Recently, vacant house in Lebanon, Indiana, caught fire because of bad electrical wiring. Although firefighters extinguished the blaze within 20 minutes, the flames did an estimated $30,000 in property damage.

Replacing wiring can be an expensive investment, but it’s important that you be able to identify old and damaged electrical wiring before serious damage or harm comes to your building.

Signs of Bad Electrical Wiring

Frayed Wires

Wires become frayed from age, wear and tear, heat, and corrosion. Damaged wire casing (the plastic covering) exposes the wires, which, when live, can ignite fires and puts people at risk of shock or electrocution.

Bad Outlets

Every year, 4,000 people are treated for electrical injuries. Bad outlets are one such cause. According to the National Fire Protection Association, discolored outlets (which turn colors when poorly wired circuitry heats up) — conduct electricity, meaning they can carry an electric current. If you notice an outlet turning colors, immediately call an electrician.

There are other indicators of an electrical problem with an outlet. Sizzling noises, popping sounds, and the smell burnt plastic all indicate that you should contact an electrician.

Tripped Circuit Breakers

Circuit breakers are the main distribution source of electrical circuits in a building. They provide power to all appliances and protect wiring from a becoming overloaded. When the breaker “trips” — when it shuts off the power — it’s protecting the circuit from overheating and causing damage.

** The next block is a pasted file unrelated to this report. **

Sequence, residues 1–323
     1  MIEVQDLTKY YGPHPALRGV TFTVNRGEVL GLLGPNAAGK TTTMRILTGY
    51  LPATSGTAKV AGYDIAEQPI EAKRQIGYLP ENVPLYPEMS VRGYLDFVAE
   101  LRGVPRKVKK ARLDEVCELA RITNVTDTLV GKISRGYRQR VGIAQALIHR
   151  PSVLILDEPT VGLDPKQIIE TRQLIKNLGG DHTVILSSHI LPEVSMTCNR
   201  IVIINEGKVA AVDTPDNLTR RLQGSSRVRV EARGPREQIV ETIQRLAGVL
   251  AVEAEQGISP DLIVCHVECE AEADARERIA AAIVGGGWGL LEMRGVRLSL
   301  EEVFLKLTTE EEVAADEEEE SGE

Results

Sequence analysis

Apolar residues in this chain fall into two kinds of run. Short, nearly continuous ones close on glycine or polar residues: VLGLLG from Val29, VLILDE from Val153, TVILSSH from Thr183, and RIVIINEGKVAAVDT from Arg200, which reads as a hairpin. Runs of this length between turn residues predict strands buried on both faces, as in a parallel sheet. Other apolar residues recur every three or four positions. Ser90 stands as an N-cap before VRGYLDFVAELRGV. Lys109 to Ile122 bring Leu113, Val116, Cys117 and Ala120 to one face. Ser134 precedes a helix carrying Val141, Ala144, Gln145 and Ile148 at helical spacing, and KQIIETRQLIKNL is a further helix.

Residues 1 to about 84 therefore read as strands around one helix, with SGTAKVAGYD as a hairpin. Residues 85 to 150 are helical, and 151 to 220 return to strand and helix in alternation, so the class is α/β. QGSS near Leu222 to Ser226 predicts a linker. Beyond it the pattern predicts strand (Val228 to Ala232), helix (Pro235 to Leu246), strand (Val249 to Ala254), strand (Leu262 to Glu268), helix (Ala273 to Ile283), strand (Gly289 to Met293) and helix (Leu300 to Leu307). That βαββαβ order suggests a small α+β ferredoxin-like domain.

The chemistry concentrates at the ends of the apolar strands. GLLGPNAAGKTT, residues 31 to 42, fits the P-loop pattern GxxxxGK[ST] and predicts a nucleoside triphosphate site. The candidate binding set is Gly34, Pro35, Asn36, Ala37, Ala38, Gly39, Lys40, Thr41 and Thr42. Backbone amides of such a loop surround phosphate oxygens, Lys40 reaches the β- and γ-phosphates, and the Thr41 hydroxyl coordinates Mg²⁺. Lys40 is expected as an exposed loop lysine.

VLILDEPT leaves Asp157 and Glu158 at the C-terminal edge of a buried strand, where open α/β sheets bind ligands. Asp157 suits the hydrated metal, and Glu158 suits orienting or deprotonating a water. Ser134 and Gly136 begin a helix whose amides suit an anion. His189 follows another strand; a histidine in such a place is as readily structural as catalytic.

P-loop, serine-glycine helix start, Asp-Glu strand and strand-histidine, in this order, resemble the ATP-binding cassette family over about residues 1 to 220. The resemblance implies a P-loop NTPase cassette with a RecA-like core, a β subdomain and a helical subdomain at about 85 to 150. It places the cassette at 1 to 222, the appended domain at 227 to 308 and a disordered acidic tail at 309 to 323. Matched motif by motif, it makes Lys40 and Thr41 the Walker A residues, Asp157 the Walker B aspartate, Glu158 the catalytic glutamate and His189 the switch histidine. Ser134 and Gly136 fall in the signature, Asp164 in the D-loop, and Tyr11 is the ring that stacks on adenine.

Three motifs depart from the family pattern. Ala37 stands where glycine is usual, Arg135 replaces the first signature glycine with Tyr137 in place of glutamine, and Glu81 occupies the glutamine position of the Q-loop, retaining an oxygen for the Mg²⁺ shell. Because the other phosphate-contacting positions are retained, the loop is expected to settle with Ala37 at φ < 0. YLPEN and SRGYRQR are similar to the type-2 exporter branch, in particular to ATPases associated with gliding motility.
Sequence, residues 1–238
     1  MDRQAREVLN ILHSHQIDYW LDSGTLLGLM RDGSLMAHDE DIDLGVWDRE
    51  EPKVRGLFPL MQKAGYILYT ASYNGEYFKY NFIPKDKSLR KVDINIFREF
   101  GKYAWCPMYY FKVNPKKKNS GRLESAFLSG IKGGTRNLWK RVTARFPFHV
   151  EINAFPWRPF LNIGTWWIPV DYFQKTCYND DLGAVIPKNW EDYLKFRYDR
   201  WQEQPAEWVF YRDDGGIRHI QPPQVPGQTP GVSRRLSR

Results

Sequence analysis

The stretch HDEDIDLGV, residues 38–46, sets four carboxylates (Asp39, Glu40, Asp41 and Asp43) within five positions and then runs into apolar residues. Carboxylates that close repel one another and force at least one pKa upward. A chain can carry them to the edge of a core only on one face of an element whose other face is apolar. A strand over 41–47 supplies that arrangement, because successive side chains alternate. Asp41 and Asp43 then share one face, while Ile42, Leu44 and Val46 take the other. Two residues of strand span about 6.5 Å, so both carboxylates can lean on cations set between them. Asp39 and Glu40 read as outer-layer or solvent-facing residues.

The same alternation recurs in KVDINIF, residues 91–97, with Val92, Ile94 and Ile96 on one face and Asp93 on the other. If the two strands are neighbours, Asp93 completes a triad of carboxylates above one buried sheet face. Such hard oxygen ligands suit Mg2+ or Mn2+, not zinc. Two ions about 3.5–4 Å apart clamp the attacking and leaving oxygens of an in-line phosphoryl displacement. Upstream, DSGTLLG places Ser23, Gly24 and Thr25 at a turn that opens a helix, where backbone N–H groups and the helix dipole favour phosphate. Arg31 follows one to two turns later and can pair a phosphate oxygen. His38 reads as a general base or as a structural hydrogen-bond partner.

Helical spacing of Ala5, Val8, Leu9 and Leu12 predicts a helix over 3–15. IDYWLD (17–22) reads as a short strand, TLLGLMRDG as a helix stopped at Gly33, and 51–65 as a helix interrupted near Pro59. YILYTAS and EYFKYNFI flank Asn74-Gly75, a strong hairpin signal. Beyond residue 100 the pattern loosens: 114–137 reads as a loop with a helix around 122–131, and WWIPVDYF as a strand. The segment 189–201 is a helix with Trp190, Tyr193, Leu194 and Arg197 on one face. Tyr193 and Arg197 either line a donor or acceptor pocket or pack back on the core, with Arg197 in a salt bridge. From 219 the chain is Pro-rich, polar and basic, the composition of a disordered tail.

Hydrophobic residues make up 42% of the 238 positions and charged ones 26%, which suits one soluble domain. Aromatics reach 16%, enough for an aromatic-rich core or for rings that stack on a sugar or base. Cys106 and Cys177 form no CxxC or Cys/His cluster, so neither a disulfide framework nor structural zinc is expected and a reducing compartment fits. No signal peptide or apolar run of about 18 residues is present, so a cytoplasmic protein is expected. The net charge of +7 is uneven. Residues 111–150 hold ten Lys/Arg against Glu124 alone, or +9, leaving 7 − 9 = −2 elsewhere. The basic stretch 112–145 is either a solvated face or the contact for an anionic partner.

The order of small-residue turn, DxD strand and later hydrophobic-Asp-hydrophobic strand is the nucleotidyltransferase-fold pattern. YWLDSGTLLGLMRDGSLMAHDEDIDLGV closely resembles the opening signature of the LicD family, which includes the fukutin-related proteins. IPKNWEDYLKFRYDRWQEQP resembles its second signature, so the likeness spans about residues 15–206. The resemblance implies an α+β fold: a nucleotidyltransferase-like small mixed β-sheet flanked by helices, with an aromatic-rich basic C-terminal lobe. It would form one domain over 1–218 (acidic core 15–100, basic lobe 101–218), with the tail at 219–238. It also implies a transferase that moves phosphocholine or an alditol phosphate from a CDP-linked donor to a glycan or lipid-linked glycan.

If you must constantly reset your circuit breaker, it’s a sign circuits are overloaded and that a professional should asses them.

Costs of Upgrading Electrical Wiring

If you have electrical wiring that is isn’t functioning well or is damaged, it’s time to consider replacing it. Costs for upgrading electrical wiring  depend on a number of factors:

  • The price of the electrical wires
  • The cost of other materials including panels
  • The price of your electrician’s hourly rate

According to Home Advisor, new wires typically range from $6 to $8 per foot. Breaker boxes (also called electrical panels), if required, are priced separately. These appliances vary in price depending on what your budget and building necessitate. The average cost of breaker boxes by amperage are:

  • 100 amp: $800 to $2,500
  • 200 amp: $1,300 to $3,000
  • 400 amp: $2,000 to $4,000

Home Advisor also lists average labor costs for electrical jobs. In Indianapolis, Indiana, the average labor cost for basic home wiring ranges from $3,330.87 to $4,037.42. The supplies for such a job average between $1,322.31 to $1,504.22. Prices will vary depending on location and exact job parameters, of course. Ultimately, you will have to ask a licensed electrician for a quote to learn the cost.